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Central Floridave

Posts: 51252
Joined Forum: 07/22/2003


000
WTNT42 KNHC 070900
TCDAT2

Subtropical Storm Nicole Discussion Number 1
NWS National Hurricane Center Miami FL AL172022
500 AM AST Mon Nov 07 2022

The area of disturbed weather that NHC has been monitoring over the
southwestern Atlantic Ocean has been gradually becoming better
organized. Scatterometer data and buoy observations from last
evening indicated that the system has developed a sufficiently
well-defined center of circulation, with gale-force winds as high as
40 kt occurring in a band that lies between 180-240 n mi to the east
of the center. Moderate to deep convection has also increased a
bit, with TAFB providing a subtropical Hebert-Poteat classification
of ST1.5. Given these data, the system is now being classified as a
subtropical storm.

Since Nicole's center has only recently formed, the initial motion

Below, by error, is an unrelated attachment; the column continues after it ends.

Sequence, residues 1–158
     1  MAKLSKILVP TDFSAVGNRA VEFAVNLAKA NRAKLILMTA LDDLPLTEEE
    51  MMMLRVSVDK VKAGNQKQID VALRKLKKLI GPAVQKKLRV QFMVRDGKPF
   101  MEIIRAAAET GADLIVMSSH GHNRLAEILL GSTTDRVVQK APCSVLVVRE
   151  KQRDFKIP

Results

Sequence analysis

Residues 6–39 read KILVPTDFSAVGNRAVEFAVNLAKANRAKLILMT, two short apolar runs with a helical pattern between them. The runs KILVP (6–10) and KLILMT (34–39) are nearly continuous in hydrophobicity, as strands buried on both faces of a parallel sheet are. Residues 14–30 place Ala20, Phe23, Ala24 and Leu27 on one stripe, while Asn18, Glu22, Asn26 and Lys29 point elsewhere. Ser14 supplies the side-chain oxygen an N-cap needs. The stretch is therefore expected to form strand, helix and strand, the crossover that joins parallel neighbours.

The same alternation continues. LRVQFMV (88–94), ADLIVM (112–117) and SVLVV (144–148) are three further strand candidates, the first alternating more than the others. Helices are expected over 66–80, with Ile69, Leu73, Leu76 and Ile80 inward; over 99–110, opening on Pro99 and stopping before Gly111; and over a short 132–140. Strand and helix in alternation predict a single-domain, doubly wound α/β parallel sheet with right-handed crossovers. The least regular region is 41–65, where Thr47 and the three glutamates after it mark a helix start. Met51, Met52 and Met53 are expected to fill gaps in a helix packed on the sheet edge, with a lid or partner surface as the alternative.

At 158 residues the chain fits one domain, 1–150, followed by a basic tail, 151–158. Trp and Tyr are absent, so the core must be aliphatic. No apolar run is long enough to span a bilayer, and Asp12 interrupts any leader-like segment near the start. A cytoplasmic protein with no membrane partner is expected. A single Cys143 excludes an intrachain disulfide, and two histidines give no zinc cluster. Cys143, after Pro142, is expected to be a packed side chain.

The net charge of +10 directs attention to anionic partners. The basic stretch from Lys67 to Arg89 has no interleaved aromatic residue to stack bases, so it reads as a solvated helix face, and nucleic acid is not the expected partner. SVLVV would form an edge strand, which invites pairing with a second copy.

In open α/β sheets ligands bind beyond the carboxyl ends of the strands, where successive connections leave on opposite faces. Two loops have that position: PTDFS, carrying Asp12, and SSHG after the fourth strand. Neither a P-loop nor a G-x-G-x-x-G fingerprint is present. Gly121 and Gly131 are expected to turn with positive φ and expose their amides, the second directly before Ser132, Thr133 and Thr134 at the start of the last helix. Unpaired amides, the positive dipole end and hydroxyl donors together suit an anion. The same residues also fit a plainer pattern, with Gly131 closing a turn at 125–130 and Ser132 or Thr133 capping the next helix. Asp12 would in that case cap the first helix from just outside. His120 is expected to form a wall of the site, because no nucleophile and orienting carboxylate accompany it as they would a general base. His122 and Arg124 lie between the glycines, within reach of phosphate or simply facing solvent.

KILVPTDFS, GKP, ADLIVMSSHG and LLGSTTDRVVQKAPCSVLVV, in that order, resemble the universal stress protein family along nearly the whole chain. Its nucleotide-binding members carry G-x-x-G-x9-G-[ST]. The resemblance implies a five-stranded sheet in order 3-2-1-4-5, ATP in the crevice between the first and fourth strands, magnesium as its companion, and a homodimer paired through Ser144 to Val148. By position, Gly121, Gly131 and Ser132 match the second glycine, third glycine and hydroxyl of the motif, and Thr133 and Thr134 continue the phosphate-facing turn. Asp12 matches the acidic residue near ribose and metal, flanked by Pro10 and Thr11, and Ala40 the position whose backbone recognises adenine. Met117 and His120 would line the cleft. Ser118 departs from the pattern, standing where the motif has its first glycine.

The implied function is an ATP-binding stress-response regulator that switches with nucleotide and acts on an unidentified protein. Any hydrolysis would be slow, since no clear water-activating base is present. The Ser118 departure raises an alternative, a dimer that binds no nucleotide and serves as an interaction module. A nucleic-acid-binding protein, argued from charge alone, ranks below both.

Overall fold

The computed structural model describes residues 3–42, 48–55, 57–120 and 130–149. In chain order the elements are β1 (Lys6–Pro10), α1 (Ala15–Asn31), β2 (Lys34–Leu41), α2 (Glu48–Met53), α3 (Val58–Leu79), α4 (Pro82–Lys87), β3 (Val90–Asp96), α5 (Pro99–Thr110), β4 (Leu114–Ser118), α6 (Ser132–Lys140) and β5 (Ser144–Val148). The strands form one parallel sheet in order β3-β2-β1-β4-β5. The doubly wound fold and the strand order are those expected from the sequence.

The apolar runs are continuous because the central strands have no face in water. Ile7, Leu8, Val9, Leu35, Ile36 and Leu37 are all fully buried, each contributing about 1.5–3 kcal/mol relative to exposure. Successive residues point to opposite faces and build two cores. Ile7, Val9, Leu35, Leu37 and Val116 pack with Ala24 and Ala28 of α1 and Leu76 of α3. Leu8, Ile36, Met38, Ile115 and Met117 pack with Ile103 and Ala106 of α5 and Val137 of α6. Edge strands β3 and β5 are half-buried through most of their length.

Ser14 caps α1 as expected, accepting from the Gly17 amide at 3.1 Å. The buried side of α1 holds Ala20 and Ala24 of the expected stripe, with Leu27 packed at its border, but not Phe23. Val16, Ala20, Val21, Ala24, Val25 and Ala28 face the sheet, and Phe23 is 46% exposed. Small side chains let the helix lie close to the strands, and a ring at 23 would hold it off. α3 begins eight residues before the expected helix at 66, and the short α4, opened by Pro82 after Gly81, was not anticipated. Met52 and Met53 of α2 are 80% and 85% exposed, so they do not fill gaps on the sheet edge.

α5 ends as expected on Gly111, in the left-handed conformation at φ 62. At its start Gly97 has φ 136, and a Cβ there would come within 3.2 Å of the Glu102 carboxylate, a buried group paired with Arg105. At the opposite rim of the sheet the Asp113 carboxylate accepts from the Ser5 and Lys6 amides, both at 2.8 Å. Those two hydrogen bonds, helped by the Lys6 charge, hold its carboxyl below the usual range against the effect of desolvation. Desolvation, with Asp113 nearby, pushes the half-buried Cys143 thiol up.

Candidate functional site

is a little uncertain, but the best estimate is north-northwestward,
or 330/12 kt. Model guidance indicates that the system should turn
northwestward and slow down later today, followed by a turn toward
the west and west-southwest tonight through Tuesday night due to a
mid-level ridge axis poking eastward off the U.S. Mid-Atlantic
coast. In about 3 days, the high over the southeastern United
States will slide eastward over the Atlantic as a large mid-latitude
trough traverses the country, and Nicole is expected to make a sharp
recurvature toward the north and northeast on days 4 and 5 in the
vicinity of Florida. The track guidance is in fairly good agreement
on this scenario, and the official NHC track forecast is fairly
close to the TVCN and HCCA consensus aids.

Some gradual strengthening is anticipated over the next few days,
although Nicole's sprawling nature does not favor fast
intensification, at least not initially. For the first couple of
days of the forecast, the NHC intensity prediction closely follows
the GFS global model solution. Although Nicole is likely to
maintain a large wind field, models suggest that it could make a
transition to a tropical cyclone and develop a smaller inner-core